Here are the highlights
When Ford introduced the redesigned Escape for 2013, we liked its sportier styling, but what really impressed us was the way it drove. The ride was a little on the firm side, but its surprisingly sporty handling, great brakes, and a torquey turbocharged engine option made it feel more like a bigger Focus than a pint-size Expedition. By the time our 2017 SUV of the Year competition rolled around, though, the Escape’s age was really starting to show. Recently, Ford introduced a completely redesigned Escape that it hopes will be just as big of a hit as it was back in 2013. If you’re curious about the new Escape, here are seven things you need to know.
More car-like for a reason
After Ford announced plans to stop selling cars that aren’t the Mustang in the U.S., the new Escape’s Focus hatchback-like styling might not make much sense. But there’s a very good reason the Escape doesn’t look like the new Explorer and Expedition. Ford is also developing a boxier compact crossover that will be more off-road focused, currently referred to as the Baby Bronco. A car-like Escape means buyers will have more selection.
The new Escape sits lower than before, but it’s also wider and longer, which translates to more headroom, shoulder room, and hiproom. And while a 0.8-inch longer wheelbase might not sound like a drastic change, Ford added more flexible seating options to give owners more space where they need it. With an empty cargo area, the second-row seat can slide back, giving rear passengers as much as six inches of additional legroom. Slide the second row all the way forward, and the cargo expands to 37.5 cubic feet.
The base engine, which will be available on the Escape S, SE, and SEL, is a 1.5-liter turbocharged three-cylinder that’s paired with an eight-speed automatic transmission. But this tiny inline-three is no slouch. It’s good for 180 hp and 177 lb-ft of torque, and it’s rated to tow up to 2,000 lbs. Spring for the Escape Titanium, though, and you have the option of upgrading to a much more powerful 2.0-liter turbo-four that makes 250 hp and 275 lb-ft of torque.
In addition to the two engine options mentioned above, the new Escape will also be available as a hybrid and a plug-in hybrid. The hybrid powertrain, which is standard on SE Sport and Titanium trims, starts with a 2.5-liter inline four and a CVT. With a 1.1 kilowatt-hour battery powering the electric motor, the hybrid Escape makes a system total of 198 hp. The PHEV version, meanwhile, will be available on the SE, SEL, and Titanium trims. It uses the same 2.5-liter engine and CVT as the regular hybrid but adds a 14.4-kWh battery. The result is a bump to 209 hp and an all-electric range of about 30 miles (48 km).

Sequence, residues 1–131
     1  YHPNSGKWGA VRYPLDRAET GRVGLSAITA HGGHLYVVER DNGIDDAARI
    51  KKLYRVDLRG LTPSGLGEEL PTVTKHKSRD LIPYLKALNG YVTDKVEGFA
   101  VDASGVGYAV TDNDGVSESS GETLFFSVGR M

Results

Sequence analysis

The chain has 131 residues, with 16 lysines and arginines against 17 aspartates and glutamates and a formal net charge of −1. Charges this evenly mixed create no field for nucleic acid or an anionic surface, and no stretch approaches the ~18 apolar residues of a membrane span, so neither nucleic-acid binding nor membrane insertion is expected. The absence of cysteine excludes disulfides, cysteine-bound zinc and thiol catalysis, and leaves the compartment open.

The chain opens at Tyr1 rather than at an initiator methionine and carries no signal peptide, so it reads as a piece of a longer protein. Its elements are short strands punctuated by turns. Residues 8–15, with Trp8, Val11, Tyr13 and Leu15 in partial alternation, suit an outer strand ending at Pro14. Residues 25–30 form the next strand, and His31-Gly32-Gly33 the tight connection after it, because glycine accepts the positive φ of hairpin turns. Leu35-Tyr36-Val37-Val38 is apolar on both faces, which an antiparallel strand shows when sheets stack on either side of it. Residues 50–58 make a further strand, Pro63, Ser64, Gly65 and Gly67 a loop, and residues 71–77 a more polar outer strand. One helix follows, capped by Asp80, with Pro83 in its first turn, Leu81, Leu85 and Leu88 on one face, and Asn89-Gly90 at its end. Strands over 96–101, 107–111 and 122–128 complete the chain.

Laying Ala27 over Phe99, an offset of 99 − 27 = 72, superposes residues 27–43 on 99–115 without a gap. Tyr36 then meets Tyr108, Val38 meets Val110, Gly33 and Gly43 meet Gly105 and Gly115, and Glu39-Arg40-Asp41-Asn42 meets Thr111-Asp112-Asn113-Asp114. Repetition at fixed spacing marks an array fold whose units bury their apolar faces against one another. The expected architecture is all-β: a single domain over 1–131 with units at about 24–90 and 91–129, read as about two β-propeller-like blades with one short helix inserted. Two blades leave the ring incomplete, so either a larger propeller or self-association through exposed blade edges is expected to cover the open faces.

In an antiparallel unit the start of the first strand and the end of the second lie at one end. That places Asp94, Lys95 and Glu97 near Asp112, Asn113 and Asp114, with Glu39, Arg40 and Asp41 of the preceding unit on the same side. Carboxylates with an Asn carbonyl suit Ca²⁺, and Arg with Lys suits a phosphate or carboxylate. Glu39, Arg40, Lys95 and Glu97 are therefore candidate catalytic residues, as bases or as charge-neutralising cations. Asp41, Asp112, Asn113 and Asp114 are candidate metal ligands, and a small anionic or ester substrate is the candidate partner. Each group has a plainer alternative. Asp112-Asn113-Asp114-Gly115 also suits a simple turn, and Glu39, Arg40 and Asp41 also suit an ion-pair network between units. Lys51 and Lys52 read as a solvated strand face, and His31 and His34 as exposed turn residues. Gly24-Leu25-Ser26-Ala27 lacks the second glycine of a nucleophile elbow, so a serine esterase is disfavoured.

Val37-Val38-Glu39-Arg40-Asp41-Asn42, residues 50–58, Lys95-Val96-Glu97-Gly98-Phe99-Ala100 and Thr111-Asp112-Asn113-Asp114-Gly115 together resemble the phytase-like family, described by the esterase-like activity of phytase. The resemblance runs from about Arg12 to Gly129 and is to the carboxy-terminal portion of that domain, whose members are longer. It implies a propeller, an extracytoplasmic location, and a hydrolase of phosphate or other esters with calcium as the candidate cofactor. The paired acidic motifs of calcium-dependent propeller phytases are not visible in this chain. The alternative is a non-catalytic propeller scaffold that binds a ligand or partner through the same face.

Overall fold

Every version of the Escape except for the base model will come with an 8.0-inch touchscreen display and the latest version of Ford’s Sync system. It supports Apple CarPlay and Android Auto, as well as Alexa and Waze. In place of traditional gauges, Ford added a 12.3-inch digital instrument cluster, and a head-up display is also available. The Escape will get two USB ports and three 12-volt sockets at launch, but two more USB ports will be added later, and wireless charging is an option. For better sound quality, you can also upgrade to a 10-speaker B&O Play system.
Advanced driver assist features
Ford has made several advanced driver assist features standard on the Escape. That means even a base model will come with automatic high beams, blind-spot detection, lane keep assist, and automatic emergency braking. You can also add optional adaptive cruise control with steering assist, a more advanced parking assist, and something called Evasive Steering Assist, which detects a vehicle that has braked quickly or stopped and helps the driver steer around it.
Ford has yet to announce an exact on-sale date, but it did say the 2020 Escape will begin arriving on dealer lots sometime this fall. If you want the plug-in hybrid version, though, you’ll have to wait until the spring of 2020.